Heather Gautney: Occupy Wall Street and the History of Force

Roundup: Media's Take

Heather Gautney, PhD, is an assistant professor of sociology at Fordham University and author of Protest and Organization in the Alternative Globalization Era (Palgrave Macmillan).

Over the past few weeks, increasingly irritated and trigger-happy local officials have received glimpses of “people power” as they’ve amped up efforts to clear Occupy camps around the country, including New York’s Zuccotti Park on Monday night. But if history tells us anything, it’s that unwieldy, nonviolent and relatively modest movements can actually take down giants—and that implements of force are no match for the collective will of the people.

Such acts of police aggression are fast becoming the shame of our nation. Intended to deter, they actually amplify the Occupy movement’s narrative of fighting domination and corruption....

Public outcry will help put these mayors in their place. But without a peep from the Feds, state violence in other municipalities is rapidly devolving into a sadistic free-for-all.  From Atlanta to Denver to Portland, police are bullying nonviolent protesters with tear gas and rubber bullets, jailing people like criminals. Police only apologize after the fact, when incriminating YouTube videos stream on the evening news.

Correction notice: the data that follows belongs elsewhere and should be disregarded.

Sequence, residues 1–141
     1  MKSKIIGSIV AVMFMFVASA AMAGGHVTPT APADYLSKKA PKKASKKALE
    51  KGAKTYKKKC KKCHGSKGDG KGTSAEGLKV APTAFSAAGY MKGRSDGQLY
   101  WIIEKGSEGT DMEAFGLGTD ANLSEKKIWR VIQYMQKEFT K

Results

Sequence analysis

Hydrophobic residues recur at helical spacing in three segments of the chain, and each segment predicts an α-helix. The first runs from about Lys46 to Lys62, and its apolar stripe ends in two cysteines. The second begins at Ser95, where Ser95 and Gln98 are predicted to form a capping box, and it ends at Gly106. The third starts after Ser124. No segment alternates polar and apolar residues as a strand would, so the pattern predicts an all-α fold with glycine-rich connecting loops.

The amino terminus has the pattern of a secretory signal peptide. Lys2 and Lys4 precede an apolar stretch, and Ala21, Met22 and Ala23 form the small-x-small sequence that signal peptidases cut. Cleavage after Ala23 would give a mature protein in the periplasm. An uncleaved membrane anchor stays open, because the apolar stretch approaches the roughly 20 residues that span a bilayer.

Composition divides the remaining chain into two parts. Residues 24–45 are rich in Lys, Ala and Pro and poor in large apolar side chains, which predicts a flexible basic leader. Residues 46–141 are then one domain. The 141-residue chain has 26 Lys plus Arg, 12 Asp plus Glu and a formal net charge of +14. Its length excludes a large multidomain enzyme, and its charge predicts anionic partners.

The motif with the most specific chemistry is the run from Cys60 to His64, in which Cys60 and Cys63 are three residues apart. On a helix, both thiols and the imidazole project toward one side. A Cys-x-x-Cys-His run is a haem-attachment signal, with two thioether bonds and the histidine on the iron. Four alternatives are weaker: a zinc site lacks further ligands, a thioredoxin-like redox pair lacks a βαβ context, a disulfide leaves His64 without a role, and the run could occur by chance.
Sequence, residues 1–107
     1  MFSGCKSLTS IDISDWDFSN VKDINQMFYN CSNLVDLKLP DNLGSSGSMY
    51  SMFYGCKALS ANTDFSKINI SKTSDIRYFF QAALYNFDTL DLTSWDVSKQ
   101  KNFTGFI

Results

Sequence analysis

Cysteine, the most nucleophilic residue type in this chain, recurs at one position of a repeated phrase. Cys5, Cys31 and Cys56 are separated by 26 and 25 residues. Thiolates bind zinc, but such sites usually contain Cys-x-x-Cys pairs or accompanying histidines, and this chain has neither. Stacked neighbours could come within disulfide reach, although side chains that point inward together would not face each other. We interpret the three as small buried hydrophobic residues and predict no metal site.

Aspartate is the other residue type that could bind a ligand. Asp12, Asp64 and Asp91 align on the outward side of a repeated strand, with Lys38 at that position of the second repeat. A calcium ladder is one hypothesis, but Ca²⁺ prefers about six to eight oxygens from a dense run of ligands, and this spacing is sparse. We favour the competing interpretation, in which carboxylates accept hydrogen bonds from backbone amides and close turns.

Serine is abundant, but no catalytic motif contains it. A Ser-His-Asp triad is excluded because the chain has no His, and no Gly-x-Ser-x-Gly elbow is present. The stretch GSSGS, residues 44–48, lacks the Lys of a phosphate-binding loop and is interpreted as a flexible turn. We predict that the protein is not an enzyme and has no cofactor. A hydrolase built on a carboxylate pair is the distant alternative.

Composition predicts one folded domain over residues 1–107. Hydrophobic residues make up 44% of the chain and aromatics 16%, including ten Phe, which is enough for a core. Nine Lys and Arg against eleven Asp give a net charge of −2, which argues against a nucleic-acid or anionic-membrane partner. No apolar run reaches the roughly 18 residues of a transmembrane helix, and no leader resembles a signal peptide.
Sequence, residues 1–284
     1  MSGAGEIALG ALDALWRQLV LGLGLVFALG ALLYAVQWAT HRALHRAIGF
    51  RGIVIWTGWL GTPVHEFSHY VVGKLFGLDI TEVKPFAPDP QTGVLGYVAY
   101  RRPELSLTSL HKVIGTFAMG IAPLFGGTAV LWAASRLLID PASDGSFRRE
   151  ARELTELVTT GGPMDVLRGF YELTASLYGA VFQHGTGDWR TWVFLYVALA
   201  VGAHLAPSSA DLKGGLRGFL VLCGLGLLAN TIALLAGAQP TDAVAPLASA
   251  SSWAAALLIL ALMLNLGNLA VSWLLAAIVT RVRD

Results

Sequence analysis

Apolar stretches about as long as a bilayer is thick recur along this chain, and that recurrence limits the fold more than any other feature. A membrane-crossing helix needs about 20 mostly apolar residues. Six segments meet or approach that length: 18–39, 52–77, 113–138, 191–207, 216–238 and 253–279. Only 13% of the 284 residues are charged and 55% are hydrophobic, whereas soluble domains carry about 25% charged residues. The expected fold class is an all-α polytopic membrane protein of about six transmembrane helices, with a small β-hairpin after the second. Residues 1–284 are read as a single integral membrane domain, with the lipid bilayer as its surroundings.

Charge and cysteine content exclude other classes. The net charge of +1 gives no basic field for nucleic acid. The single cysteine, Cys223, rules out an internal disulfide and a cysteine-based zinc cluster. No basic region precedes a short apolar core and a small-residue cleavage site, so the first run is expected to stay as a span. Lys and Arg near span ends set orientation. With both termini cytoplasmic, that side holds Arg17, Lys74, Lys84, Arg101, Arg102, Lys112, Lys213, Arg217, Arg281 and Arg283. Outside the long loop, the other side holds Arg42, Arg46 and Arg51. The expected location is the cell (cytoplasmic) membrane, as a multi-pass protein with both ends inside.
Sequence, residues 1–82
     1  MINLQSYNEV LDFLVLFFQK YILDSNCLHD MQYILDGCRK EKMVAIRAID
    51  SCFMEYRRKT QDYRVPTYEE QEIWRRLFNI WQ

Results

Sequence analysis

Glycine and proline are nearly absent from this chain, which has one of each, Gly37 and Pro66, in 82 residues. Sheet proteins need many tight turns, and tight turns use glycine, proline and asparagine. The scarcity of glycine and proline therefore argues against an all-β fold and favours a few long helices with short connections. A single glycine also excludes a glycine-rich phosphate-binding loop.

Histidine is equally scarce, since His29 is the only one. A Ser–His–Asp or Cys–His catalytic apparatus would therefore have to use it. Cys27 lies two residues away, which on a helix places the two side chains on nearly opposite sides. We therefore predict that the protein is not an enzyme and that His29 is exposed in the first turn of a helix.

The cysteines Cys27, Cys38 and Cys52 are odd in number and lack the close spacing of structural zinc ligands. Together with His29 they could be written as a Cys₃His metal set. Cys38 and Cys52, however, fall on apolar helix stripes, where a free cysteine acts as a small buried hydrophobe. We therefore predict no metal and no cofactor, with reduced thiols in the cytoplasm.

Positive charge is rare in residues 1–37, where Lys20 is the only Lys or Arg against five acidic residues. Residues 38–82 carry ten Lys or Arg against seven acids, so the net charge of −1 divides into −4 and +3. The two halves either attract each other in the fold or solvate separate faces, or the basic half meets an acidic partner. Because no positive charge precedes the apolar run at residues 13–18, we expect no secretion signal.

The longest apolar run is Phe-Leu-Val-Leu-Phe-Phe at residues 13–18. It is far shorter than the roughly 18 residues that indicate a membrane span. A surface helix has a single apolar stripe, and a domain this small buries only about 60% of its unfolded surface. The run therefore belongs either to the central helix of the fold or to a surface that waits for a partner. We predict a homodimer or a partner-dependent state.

What they are failing to understand is that brutality and force don’t quell the leadership of a movement, they draw it forth in even fuller form.

After all, a dose of adversity has always been good medicine for movements aiming to cure the ills of social inequality. At the peak of the Civil Rights Movement, for example, some 600 peaceful demonstrators in Alabama began a march from Selma to Montgomery, fighting for the right to vote. Crossing the Edmund Pettus Bridge, they were met by a formidable police line, led by the infamous Sheriff Jim Clark. Clark and his posse pushed the protesters back over the bridge with tear gas and beat some of them to near death....

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